Vijay Thirugnanam
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Brief summary of NextJS Features

Vijay Thirugnanam's photo
Vijay Thirugnanam
·Aug 16, 2021·

3 min read

NextJS is a framework for creating SEO friendly, full stack apps. Alternatively, it is also useful for building static sites. In this article, I will list down all the most commonly used NextJS features:

File based Routing

NextJS has a pages folder where we can define all the routes. There is an index.js file for the home page. We can create another route by creating a new file and exporting a page component from within it. For example, to create an /about route, simply create an about.js file within the pages folder.

Dynamic routes

If a file has square brackets like so: [id].js, it is considered as a dynamic route. The ID that is supplied as a route parameter can be retrieved programmatically.

Creating a layout page

Create a layout component in another folder like src/common folder. And use that Layout component within the _app.js file as a wrapper component.

import Layout from '../src/common/Layout';
import '../styles/globals.css';

function MyApp({ Component, pageProps }) {
  return (
    <Layout>
      <Component {...pageProps} />
    </Layout>
  );
}

export default MyApp;

Head component

Head component allows developers to specify title of the page and meta tags from anywhere within a component. Open any component and use the Head component like so:

import Head from 'next/head';

export default function HomePage() {
  return (
    <div>
      <Head>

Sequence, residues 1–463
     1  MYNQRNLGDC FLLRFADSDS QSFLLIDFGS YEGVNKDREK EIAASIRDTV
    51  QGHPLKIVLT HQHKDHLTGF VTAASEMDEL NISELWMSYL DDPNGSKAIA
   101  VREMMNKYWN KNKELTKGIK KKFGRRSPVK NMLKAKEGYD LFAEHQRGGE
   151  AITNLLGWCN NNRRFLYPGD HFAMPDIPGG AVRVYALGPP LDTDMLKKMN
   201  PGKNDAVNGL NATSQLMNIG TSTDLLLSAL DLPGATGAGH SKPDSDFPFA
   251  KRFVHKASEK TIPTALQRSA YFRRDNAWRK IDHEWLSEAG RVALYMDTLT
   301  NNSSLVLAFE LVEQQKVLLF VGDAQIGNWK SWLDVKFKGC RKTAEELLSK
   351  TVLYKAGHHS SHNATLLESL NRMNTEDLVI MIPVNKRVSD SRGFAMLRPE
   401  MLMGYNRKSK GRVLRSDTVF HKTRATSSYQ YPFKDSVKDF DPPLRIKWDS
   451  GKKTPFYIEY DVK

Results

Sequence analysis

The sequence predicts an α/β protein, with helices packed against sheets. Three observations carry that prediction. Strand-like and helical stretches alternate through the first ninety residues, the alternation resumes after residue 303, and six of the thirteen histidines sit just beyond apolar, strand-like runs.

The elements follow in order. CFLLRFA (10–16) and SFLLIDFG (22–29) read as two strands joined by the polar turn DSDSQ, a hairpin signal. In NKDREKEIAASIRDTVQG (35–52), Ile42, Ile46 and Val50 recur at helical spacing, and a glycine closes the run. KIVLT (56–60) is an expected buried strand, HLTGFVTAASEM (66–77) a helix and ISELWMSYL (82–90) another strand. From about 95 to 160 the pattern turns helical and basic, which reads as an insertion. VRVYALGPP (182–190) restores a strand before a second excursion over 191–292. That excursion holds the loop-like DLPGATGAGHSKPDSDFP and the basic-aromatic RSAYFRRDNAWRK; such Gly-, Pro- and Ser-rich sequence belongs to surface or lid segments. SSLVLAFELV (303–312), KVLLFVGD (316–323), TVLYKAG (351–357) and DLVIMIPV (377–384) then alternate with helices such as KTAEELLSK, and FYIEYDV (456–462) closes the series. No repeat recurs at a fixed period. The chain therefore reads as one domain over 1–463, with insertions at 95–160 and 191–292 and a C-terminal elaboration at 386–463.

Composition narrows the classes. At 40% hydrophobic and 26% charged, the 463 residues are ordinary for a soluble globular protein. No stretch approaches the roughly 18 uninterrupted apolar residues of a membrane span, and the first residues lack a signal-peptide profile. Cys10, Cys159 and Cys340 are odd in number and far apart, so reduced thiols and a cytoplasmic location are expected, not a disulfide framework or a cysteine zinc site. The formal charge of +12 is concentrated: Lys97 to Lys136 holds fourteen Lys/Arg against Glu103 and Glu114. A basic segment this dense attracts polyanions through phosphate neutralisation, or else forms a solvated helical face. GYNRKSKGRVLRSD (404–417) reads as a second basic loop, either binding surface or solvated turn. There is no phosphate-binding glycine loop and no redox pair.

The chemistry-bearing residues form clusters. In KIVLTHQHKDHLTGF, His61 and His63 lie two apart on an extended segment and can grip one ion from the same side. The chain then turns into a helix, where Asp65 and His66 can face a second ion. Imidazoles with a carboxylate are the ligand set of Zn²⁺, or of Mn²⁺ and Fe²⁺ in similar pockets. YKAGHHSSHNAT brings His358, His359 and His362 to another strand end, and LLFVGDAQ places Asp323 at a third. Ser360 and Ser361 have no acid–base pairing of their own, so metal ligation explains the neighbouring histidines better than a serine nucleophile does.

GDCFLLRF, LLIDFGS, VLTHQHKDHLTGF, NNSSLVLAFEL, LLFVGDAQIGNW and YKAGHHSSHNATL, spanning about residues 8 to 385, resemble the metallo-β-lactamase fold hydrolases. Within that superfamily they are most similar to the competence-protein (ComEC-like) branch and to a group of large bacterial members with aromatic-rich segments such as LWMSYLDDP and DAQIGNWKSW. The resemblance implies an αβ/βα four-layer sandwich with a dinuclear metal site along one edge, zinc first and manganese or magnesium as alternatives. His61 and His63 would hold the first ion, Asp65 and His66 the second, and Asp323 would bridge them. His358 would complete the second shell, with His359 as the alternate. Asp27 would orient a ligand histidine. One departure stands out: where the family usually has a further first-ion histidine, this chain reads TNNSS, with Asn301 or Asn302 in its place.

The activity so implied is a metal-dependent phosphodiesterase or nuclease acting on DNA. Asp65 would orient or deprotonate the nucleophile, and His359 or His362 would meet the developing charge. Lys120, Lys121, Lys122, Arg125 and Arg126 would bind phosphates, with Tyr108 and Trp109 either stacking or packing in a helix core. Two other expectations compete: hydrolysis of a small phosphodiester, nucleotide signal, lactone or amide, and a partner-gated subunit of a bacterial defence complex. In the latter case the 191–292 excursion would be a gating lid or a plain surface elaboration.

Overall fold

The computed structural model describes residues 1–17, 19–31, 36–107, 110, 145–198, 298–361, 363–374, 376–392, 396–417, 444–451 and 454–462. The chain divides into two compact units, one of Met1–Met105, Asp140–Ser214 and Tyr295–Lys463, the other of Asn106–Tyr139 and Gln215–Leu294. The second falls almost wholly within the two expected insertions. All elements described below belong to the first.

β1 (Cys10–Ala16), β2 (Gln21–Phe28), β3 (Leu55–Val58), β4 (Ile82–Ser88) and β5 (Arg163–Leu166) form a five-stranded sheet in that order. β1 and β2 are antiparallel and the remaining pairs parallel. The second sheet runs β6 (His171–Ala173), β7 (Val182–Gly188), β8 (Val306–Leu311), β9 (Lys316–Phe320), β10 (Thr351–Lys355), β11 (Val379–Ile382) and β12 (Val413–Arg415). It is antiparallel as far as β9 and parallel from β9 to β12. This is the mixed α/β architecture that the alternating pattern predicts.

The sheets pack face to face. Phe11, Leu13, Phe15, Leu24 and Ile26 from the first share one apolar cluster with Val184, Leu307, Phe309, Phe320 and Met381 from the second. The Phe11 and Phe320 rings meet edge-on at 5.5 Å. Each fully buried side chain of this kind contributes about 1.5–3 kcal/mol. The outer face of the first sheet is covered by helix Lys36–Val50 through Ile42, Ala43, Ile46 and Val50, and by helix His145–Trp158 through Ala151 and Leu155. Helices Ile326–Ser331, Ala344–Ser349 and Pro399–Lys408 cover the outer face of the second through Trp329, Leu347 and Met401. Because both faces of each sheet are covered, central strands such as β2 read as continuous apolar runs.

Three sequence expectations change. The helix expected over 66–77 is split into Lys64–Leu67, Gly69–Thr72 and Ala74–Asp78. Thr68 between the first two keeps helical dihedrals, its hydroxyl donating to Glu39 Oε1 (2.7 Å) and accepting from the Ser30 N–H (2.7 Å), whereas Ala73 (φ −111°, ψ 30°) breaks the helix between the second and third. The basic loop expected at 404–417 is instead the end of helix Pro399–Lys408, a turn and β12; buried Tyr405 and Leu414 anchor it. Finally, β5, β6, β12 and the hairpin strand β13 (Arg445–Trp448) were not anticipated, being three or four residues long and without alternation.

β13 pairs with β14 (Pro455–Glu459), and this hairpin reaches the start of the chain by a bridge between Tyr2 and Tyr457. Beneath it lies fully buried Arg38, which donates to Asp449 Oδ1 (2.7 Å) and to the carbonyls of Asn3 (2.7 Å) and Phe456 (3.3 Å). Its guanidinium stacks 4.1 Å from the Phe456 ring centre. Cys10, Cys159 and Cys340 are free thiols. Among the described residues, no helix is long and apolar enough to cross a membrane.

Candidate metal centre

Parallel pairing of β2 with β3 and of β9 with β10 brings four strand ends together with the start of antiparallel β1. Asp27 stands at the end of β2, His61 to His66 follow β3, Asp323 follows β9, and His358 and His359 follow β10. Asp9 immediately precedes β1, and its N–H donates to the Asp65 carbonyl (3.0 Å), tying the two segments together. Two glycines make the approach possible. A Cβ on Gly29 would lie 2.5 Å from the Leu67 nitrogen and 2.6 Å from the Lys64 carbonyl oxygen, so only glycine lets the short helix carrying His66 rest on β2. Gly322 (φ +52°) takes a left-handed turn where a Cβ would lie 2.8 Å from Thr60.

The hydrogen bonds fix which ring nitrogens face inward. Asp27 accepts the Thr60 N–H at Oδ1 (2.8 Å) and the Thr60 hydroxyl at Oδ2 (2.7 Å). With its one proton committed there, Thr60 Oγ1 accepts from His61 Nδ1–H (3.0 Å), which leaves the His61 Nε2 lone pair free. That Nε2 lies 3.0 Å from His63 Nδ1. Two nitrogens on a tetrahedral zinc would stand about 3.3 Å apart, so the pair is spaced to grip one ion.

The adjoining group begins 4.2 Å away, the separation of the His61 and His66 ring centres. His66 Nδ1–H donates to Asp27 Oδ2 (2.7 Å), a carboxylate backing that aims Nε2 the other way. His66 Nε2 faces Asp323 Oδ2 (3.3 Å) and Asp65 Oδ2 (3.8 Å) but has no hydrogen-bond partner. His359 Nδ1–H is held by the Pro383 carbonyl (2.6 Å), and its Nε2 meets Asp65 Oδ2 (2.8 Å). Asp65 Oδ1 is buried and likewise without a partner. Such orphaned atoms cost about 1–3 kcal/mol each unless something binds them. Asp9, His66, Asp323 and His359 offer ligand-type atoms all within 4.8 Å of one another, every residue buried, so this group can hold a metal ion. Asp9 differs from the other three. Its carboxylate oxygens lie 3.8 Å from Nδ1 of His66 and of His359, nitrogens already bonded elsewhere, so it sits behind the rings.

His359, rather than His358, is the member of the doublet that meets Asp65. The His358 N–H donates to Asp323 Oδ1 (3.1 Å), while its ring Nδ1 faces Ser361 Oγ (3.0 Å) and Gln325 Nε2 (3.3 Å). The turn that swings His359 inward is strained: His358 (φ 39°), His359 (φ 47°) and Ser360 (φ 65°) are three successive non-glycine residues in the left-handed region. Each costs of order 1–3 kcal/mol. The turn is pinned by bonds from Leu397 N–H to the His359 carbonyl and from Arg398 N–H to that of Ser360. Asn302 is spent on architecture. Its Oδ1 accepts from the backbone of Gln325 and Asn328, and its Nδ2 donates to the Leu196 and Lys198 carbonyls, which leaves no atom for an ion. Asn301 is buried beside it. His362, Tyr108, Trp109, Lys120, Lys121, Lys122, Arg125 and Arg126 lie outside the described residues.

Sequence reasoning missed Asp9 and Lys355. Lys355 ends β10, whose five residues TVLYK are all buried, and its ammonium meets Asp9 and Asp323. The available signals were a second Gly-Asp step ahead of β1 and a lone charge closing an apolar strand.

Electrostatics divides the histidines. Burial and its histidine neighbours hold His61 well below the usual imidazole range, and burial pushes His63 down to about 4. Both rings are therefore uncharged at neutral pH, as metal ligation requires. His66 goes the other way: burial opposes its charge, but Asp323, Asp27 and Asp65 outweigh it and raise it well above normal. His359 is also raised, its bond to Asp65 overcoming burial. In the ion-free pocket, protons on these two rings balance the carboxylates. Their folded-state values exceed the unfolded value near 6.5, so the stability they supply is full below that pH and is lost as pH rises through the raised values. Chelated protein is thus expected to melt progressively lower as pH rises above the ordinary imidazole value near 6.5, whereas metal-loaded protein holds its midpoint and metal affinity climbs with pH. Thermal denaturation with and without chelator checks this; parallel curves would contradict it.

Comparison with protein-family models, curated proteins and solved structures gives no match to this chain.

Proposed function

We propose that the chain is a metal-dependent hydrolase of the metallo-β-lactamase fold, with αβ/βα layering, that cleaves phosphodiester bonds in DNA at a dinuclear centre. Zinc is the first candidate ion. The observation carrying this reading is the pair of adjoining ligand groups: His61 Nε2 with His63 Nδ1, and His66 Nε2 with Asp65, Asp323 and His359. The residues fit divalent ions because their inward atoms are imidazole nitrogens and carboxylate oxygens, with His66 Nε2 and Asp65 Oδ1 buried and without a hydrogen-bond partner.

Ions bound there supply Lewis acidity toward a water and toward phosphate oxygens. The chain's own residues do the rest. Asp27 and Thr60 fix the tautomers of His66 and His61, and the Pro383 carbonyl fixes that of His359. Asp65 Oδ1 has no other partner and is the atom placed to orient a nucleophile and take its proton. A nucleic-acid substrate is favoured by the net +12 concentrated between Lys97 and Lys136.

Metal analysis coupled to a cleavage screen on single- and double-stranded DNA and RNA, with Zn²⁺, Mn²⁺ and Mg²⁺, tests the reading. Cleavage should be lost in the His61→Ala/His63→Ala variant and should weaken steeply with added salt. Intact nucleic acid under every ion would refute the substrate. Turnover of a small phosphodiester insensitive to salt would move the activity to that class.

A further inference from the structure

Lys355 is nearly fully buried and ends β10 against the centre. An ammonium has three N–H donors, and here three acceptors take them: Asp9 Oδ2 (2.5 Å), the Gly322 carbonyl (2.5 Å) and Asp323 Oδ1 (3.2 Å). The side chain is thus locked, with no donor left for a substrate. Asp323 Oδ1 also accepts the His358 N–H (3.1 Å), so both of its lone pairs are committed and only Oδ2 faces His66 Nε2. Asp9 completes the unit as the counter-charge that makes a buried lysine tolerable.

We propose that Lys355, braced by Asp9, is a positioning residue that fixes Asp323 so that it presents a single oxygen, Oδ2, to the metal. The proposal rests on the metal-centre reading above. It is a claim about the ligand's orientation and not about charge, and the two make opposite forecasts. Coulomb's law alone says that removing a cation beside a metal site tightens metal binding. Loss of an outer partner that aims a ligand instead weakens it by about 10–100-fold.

<title>Home page title</title>
        <meta name="description" content="Some SEO friendly description" />
     </Head>
    </div>
  )
}

getStaticProps function

At build time, we can query a database and supply additional props to page components by defining this function in the same file as the page component.

export async function getStaticProps(context) {
  return {
    props: await propsFromDbQuery()
  };
}

There is also a getStaticPaths function that is useful for giving values to dynamic routes. For example, if we have a dynamic route like so: /post/[id].js, we give concrete values for ids in getStaticPaths function. These concrete values again come from a database.

getServerSideProps function

This is similar to getStaticProps function but this function is called on every page request, not at build time. Whenever a request comes for a page, server computes this function and adds additional props to the page component.

API routes

NextJS has full stack capability as it allows to create APIs. Simply create an API folder within the pages folder. And define APIs in the same way as we define pages. To create an API with /api/hello, create a hello.js file that will export a handler function like so.

export default function handler(req, res) {
  res.status(200).json({ name: 'John Doe' });
}

The request and response parameters to this function is similar to Express request and response objects.

Environment variables

Environment variables can be defined in .env, .env.local, .env.development or .env.production. This is similar to how create-react-app apps work.

Build

To build, use the next build command. To build a static site, after the build command, run next export. The build command produces its output in the .next folder. And the export command produces its output in the out folder.

Deployment

Deploy to anywhere where NodeJS server is supported. Vercel and Netlify are excellent options. Specify the github repository, the build command and build output directory. And Vercel and Netlify will take care of the rest of the deployment.

I have written an elaborate blogpost with an example on how to use NextJS.

 
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